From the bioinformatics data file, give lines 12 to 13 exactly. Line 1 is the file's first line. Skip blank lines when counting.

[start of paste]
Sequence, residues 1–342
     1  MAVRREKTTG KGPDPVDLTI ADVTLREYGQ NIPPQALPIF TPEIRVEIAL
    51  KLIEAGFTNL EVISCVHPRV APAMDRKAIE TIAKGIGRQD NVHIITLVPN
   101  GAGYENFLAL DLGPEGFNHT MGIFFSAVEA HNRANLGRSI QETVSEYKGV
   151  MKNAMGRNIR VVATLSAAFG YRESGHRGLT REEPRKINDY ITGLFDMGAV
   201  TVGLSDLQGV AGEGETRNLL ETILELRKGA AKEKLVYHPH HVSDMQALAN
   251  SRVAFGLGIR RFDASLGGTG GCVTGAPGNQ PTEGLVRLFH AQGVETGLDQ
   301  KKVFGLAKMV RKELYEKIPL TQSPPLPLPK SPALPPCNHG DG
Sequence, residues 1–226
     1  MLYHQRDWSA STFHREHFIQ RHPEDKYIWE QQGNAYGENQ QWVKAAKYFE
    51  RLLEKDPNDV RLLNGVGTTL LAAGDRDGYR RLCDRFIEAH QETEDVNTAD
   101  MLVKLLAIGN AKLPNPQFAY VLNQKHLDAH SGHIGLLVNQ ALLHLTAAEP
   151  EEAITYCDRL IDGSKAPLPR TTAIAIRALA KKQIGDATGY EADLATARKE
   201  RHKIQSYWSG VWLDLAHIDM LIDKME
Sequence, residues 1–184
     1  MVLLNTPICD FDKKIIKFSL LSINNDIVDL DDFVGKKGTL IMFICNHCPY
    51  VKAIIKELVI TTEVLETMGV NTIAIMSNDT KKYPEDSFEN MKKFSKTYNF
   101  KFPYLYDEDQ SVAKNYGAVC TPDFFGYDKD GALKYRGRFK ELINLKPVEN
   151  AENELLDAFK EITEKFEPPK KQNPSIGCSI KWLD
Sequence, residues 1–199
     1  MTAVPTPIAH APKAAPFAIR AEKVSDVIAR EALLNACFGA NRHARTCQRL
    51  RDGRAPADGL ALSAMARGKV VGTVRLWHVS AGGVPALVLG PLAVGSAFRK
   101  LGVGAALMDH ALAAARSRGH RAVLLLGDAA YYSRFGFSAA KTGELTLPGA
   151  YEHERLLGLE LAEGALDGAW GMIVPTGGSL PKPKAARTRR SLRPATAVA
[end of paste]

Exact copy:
   101  MLVKLLAIGN AKLPNPQFAY VLNQKHLDAH SGHIGLLVNQ ALLHLTAAEP
   151  EEAITYCDRL IDGSKAPLPR TTAIAIRALA KKQIGDATGY EADLATARKE